One of the first sectors to reopen during the first phase is the construction industry — something Mike Elmendorf of the Associate General Contractors Association says is key to getting the economy moving again in New York.

“For every billion dollars you invest in non-residential construction, you support about 28,000 jobs directly and indirectly, you generate huge amounts of economic activity. So as we get the economy going again, the construction industry is the right place todo that,” said Elmendorf, the group’s president and CEO.


What You Need To Know

  • Construction industry says it is vital to rebuilding economy

  • But some businesses are concerned about liability for COVID

  • Safety steps are being taken to protect workers and customers


Construction, along with manufacturing and some retail businesses that can offer curbside pickup, are part of the first phase of reopening that’s starting Friday in 35 counties in New York.

Businesses that begin to open in phase one will have to follow safety guidelines like social distancing and wearing protective equipment — rules the construction sector is well accustomed to already.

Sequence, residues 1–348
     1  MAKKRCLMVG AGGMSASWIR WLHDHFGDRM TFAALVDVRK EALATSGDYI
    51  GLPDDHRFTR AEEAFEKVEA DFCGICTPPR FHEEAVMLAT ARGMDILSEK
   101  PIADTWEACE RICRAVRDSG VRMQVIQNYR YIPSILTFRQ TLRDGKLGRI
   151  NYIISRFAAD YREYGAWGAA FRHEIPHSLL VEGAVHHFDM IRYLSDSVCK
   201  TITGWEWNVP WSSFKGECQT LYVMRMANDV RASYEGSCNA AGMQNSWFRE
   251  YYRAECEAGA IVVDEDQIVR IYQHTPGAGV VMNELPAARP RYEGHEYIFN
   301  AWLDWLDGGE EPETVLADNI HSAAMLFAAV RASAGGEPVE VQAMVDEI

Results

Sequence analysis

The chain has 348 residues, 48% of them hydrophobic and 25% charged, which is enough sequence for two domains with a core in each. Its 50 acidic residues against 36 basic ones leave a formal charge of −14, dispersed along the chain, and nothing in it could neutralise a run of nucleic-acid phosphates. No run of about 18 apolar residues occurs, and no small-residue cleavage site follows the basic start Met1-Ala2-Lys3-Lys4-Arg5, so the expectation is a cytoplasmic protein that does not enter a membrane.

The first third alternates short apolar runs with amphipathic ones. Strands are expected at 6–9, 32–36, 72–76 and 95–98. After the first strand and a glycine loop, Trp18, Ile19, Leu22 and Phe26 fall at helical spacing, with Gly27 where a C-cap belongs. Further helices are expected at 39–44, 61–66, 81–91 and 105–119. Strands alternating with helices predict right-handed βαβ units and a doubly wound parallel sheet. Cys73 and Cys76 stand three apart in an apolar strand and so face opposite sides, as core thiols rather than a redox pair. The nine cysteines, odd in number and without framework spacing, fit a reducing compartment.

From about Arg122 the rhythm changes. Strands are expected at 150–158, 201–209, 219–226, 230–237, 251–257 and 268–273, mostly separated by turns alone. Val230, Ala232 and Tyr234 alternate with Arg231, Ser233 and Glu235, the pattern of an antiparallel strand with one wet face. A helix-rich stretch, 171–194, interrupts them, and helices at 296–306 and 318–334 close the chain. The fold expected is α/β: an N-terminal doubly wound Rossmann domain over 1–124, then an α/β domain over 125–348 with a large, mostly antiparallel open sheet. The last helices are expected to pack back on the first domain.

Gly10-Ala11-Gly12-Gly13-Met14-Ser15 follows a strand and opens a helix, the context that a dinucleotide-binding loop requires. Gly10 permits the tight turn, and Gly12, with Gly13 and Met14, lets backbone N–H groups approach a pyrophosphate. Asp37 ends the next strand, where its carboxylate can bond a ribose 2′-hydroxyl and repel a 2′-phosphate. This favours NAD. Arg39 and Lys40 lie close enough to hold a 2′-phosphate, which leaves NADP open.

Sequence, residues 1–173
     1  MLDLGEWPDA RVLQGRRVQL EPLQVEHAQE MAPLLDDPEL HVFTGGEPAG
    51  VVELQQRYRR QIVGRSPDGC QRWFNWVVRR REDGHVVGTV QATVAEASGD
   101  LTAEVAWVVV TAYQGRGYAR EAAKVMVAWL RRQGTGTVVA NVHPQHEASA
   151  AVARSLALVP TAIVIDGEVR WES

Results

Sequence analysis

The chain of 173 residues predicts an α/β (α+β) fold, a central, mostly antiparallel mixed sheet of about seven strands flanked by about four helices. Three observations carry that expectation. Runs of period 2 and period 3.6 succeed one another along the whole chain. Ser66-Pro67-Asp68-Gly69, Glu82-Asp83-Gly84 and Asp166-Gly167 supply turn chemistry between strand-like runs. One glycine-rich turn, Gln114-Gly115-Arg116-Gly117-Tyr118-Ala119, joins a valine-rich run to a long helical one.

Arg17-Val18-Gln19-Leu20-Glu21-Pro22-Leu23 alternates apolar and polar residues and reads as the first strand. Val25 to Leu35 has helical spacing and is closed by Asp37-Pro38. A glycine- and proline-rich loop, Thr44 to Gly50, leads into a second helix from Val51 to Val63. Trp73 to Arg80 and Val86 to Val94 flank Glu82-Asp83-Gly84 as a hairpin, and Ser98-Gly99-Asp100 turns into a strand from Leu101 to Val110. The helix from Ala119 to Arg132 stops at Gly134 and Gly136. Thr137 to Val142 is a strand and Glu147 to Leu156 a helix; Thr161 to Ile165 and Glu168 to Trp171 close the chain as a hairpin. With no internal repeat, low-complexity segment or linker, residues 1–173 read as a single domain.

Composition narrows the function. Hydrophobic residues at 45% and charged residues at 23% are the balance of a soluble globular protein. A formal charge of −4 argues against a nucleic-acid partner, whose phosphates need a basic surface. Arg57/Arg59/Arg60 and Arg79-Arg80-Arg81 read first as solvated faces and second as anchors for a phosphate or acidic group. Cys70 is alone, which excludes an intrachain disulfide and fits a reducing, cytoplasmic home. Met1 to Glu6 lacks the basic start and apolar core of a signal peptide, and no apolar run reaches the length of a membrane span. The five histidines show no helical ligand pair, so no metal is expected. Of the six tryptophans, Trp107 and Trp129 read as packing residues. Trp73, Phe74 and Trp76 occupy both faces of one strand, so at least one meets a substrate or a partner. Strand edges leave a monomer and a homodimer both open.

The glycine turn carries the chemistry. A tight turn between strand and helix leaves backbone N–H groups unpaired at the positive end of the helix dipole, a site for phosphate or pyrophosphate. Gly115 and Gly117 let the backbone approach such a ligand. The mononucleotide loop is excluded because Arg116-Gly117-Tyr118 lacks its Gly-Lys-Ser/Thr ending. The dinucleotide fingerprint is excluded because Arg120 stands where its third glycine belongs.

“We’re used to working as an industry with dangerous conditions, pathogens, things like that,” Elemendorf said.

But there are concerns for businesses that enter the first phase when it comes not just to safety, but liability for when and if a person becomes COVID positive.

“You can do everything right, and you can’t guarantee that someone who works in your business and comes to your business isn’t going to get sick,” Elmendorf said.

Greg Biryla of the National Federation of Independent Business says there should be liability protections for businesses so they aren’t sued during the reopening phase.

“It could slow their ability; it could outright prevent it,” he said. “And that’s our biggest fear.”

And that could slow down any recovery for an economy that’s been stagnant for the last two months.

“They’re going to have additional safety protocols and other measures that they’re going to be following, and it’s all about managing risk,” Biryla said. “Unfortunately, if they don’t protect against frivolous lawsuits, many businesses are going to choose not to reopen.”